Five of eight defensemen look locked in — Jay Bouwmeester, Drew DoughtyDuncan KeithAlex Pietrangelo and Shea WeberP.K. Subban and Brent Seabrook also make pretty strong cases.

There are also San Jose Sharks Dan Boyle and Marc-Edouard Vlasic, making nine guys for eight spots.

Another tough call for Yzerman and Co., who have the enviable embarrassment of riches and the unenviable task of cutting players any other country would love to have in Sochi.

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Pressure on Ashley Wagner at world championships

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Ashley Wagner‘s four-year plan has her peaking in 2018, not at the 2017 World Championships, but many call Wagner to carry the U.S. women at worlds in Helsinki next week.

“Next year is the year that I am, like, in it to kill,” she said. “This year is maintaining. This year is my chance to work out all of the kinks, figure out where I want to be mentally going into next year.”

Wagner, the 2016 World silver medalist, is the only skater of three American women on this year’s worlds team with prior worlds experience. She is the only one ranked higher than 20th in the world this season.

Normally, figure skating is an individual sport. But next week, the top two U.S. women’s results must add up to no greater than 13 (Wagner places third, and either U.S. champion Karen Chen or U.S. bronze medalist Mariah Bell places 10th or better, for example).

If not, the U.S. will have two rather than the maximum three women’s entries at the PyeongChang Olympics. The U.S. had three spots at four of the last five Olympics.

Anything less than three in 2018 would mean the U.S. is not keeping up with world power Russia and maybe even Canada and Japan. And it becomes that much harder for Wagner and everyone else to make the Olympic team.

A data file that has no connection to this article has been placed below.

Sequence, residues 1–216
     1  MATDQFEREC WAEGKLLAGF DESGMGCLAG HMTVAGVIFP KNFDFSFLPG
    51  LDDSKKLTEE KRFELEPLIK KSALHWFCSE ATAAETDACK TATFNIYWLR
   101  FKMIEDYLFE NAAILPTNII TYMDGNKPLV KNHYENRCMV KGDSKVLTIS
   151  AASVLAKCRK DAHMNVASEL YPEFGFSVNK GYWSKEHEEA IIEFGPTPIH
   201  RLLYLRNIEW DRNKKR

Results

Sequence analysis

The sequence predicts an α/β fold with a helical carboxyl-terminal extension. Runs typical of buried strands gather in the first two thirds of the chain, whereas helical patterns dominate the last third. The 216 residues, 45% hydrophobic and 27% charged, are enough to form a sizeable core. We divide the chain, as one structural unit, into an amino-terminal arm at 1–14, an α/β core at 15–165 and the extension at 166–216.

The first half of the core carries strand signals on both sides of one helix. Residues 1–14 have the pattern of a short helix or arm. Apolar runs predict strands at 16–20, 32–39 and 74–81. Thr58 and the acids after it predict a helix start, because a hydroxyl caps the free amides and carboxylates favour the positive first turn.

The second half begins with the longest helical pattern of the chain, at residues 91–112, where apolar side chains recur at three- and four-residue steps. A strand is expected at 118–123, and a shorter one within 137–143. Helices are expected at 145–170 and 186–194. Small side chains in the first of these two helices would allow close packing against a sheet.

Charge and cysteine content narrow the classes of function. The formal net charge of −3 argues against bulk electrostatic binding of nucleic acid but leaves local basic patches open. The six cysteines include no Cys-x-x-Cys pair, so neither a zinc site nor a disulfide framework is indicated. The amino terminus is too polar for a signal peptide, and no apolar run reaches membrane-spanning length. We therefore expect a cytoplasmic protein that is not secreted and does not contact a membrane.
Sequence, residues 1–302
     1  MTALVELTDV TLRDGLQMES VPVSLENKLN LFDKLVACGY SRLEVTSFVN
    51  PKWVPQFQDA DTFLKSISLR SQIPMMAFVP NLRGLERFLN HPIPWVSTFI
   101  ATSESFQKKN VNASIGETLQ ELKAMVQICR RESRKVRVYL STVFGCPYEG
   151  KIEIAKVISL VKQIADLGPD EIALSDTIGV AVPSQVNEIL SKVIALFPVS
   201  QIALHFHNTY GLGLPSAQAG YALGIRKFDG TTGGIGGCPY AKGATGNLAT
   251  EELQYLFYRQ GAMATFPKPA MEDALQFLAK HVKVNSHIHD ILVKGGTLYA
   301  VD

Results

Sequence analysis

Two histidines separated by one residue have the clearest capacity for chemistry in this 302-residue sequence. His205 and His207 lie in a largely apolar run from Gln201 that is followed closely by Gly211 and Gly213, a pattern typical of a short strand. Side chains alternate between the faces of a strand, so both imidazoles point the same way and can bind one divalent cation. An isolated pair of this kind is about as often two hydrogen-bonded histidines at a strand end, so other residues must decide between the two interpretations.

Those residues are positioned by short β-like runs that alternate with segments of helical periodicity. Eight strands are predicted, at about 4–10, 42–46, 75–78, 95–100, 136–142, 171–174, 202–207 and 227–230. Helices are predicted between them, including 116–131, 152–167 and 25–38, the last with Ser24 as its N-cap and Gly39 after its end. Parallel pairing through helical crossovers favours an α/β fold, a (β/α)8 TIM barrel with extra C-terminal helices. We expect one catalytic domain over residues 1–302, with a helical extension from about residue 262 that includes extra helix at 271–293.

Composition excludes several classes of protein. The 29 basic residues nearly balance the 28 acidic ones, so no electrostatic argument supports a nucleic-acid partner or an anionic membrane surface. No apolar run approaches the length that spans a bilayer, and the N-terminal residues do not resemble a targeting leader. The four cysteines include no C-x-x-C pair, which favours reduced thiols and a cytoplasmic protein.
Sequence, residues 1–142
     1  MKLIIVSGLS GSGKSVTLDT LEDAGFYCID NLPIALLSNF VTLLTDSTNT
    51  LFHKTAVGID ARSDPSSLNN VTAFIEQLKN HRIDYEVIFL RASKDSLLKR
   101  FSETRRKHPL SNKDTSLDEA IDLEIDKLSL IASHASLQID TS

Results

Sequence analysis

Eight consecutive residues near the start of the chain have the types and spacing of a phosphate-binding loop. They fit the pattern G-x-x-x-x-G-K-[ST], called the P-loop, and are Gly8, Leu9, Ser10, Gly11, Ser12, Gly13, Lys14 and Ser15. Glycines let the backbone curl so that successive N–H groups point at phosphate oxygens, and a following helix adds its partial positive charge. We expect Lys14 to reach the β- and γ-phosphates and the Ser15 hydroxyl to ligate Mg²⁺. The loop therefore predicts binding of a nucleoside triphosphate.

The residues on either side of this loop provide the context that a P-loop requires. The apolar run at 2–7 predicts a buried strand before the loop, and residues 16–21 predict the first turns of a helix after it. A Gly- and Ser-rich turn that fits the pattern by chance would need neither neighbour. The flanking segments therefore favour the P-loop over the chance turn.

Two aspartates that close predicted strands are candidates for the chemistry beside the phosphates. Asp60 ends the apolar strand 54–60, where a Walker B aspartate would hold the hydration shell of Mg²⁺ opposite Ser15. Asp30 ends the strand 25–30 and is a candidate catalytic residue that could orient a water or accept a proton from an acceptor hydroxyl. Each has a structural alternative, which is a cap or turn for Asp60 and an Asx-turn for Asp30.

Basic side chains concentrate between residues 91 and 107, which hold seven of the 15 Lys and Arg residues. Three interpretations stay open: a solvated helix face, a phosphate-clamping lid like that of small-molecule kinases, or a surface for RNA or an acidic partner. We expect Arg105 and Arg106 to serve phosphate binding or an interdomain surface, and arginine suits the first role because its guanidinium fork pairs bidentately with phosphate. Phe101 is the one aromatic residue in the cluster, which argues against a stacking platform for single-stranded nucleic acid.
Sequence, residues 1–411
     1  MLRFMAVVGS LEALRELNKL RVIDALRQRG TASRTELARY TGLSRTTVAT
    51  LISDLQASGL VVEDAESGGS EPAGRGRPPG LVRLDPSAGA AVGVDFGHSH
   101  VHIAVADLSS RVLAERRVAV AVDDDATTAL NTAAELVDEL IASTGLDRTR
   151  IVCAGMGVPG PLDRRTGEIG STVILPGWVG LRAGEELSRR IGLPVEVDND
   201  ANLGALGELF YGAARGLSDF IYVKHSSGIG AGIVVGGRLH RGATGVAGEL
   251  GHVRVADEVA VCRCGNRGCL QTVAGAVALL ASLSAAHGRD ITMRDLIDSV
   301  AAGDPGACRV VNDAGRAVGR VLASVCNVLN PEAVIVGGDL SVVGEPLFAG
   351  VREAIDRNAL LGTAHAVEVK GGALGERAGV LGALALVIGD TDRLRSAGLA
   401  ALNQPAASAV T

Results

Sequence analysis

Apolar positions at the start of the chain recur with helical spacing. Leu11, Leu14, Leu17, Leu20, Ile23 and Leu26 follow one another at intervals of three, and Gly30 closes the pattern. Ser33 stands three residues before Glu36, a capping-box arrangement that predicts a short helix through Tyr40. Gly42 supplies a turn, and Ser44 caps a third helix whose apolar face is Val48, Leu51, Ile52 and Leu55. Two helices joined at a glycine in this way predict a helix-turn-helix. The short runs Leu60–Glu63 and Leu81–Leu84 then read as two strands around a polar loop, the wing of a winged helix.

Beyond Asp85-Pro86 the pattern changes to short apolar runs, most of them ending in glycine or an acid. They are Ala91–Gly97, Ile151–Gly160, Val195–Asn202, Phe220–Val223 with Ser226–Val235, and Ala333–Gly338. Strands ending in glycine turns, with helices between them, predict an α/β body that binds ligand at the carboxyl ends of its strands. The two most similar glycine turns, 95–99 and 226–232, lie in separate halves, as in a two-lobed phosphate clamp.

“I know that I have a huge role in these three spots at these world championships,” Wagner said. “I need to set this team up as good as I possibly can, so that way the pressure’s off the other girls.”

The others are the 17-year-old Chen, the surprise winner at the U.S. Championships in January, who then placed 12th at February’s Four Continents Championships, an event that doesn’t include Europeans. Chen said she suffered from nerves, a flu and foot pain caused by broken boots at Four Continents.

And Bell, who took silver at October’s Skate America behind training partner Wagner. Bell, 20, finished sixth at Four Continents at the 2018 Olympic venue in South Korea, where she competed with an amount of pressure she had never before felt.

Of skaters entered at worlds, Bell has the 10th-best total score this season. The skater with the 12th-best total in the worlds field is more than nine points shy of Bell. Chen comes in seeded 16th.

“The tough thing about this worlds is that we have two rookies going into a very stressful event,” Wagner said. “So these two girls are in a really tough position, and I really feel for them. It’s kind of like you have to buckle up and deal with this, and that’s like your only option.”

There is reason for optimism, should Wagner put up something close to the performance of her life from last year’s worlds, where she became the first U.S. women’s medalist in a decade.

“Success in Finland is getting onto that podium,” Wagner said.

But Wagner is nearing the end of her (so far) least impressive season in probably six years. She is seeded eighth at worlds by this season’s top international scores.

She failed to qualify for December’s Grand Prix Final for the first time since 2011. She was beaten at nationals despite longtime rival Gracie Gold underperforming.

However, Wagner’s goal at nationals wasn’t to win, but to finish in the top three to make the worlds team. She called the runner-up result “perfect.” She focused the last two months on firming up the areas where she lost points.